Children's drawings that depict terrible scenes are a horror movie troupe that never fails to send a chill down the spine, but why do kids draw such horrors in real-life and why do they affect us so much as adults?
It is often implied in horror movies that the little ones who scrawl scenes of ghosts, murders or live burials are evil, possessed or have witnessed unspeakable terrors, but when it comes to real children the explanation is obviously very different.
Hayley Campbell of Vice Magazine spoke to clinical psychologist named Luana Lewis about how she would react if she was presented with a child who had produced a portfolio of bloody sketches and she said:
I wouldn't draw any conclusions based on the drawings alone. It would flag up for me that the child might have witnessed or been exposed to violence, and I would ask about that. I would also wonder if the child was exposed to age-inappropriate programs, etc. But I wouldn't assume there was an emotional problem in the absence of other information or symptoms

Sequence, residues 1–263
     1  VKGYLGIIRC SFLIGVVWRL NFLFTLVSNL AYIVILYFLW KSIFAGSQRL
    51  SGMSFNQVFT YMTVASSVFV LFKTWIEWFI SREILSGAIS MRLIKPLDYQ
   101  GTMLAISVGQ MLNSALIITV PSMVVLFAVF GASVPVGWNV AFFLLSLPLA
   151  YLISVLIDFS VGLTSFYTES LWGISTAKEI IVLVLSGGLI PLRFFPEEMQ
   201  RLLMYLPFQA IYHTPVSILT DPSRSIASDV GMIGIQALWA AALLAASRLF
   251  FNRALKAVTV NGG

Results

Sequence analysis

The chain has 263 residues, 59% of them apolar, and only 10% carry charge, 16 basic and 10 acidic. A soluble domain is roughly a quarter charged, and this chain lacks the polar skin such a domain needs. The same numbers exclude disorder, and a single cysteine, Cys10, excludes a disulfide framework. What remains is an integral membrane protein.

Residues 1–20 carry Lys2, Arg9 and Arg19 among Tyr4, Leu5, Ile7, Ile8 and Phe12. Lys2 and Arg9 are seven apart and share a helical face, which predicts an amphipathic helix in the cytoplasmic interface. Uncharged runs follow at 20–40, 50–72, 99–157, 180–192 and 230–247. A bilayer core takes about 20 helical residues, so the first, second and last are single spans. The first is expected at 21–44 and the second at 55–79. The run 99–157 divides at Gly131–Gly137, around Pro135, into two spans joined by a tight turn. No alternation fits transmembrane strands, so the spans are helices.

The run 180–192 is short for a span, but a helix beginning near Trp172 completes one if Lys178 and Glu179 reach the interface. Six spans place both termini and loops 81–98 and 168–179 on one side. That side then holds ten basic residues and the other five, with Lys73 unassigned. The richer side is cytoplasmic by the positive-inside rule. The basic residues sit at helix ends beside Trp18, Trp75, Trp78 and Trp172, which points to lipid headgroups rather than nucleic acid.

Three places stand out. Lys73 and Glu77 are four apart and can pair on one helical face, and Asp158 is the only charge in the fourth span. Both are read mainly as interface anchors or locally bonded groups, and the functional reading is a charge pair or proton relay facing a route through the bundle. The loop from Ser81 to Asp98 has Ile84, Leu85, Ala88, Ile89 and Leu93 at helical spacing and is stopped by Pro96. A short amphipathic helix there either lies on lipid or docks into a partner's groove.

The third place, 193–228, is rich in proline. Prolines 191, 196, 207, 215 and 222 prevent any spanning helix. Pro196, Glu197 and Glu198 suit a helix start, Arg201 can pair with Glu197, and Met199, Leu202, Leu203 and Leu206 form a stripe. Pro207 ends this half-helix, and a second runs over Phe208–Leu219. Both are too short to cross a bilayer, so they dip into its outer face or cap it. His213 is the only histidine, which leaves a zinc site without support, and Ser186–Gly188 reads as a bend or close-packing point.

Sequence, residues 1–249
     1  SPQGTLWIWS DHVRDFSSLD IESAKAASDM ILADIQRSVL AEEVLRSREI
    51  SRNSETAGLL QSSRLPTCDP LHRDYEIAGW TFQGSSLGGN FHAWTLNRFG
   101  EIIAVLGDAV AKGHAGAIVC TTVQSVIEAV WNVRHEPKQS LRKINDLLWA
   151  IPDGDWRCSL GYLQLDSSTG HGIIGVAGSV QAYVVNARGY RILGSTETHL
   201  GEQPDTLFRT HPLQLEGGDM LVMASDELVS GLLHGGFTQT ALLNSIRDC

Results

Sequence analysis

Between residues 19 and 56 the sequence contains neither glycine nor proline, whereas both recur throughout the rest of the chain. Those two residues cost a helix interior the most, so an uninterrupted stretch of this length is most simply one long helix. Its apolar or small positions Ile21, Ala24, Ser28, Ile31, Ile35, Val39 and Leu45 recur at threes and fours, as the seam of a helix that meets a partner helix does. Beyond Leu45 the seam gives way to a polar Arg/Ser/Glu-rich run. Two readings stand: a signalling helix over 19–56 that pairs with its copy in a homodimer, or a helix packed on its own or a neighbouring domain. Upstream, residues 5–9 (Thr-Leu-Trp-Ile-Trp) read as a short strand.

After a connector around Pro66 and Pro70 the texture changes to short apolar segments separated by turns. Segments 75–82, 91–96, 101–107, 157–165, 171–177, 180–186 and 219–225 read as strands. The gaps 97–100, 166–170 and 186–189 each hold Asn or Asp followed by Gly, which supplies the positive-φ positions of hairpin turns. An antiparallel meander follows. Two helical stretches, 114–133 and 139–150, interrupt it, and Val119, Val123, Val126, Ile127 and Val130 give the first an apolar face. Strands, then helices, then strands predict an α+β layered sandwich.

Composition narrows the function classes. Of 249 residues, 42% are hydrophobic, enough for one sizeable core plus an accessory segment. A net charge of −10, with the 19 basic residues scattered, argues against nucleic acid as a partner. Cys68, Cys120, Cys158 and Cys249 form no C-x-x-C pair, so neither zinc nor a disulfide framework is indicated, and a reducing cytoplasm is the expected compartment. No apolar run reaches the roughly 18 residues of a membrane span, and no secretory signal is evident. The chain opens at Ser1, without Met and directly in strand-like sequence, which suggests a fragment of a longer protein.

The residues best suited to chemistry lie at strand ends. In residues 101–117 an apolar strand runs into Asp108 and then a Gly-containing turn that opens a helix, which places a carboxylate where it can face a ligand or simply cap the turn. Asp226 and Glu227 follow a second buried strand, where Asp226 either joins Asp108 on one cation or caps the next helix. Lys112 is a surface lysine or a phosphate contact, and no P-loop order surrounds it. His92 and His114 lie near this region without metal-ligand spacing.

The most common reason for children to draw scenes of death and destruction is being influenced by things they have seen, read or heard.
A lot of children's movies and books are chock a block with emotive death scenes, vengeful spirits and violent demises, and in order for them to make sense of these scary things, a lot of kids choose to draw them.
A preoccupation with drawing grisly scenes or images of ghosts and spirits does not suggest an unhealthy obsession, but is more likely to point to a child who is upset by what they have seen but does yet have the language skills to express how they are feeling.
A good example of this is drawings of children from war torn countries. Obviously, these young people are not evil, they are just trying to make sense of the violence they have witnessed. This can happen to a lesser degree from violent TV shows, video games, books, or even conversations.
But why do we as adults have such a strong reaction to drawings like these from children?
Kim Newman, a horror movie expert, theorizes that this is because:
Society expects us to love children, when sometimes, especially with other people's horrible kids, it's not possible. The meaning of the title 'The Turn of the Screw' is that any given ghost story or tragedy is more upsetting if children are involved
Basically, we are programmed to see ourselves as children's protectors and when they reveal that they have know disturbing things that we don't, it puts us ill at ease.
The fact that our strong reactions to drawings like this have been played upon in horror movies since around the '70s has also added to the feeling of unease that creeps up upon us.
Do you remember drawing disturbing things as a child?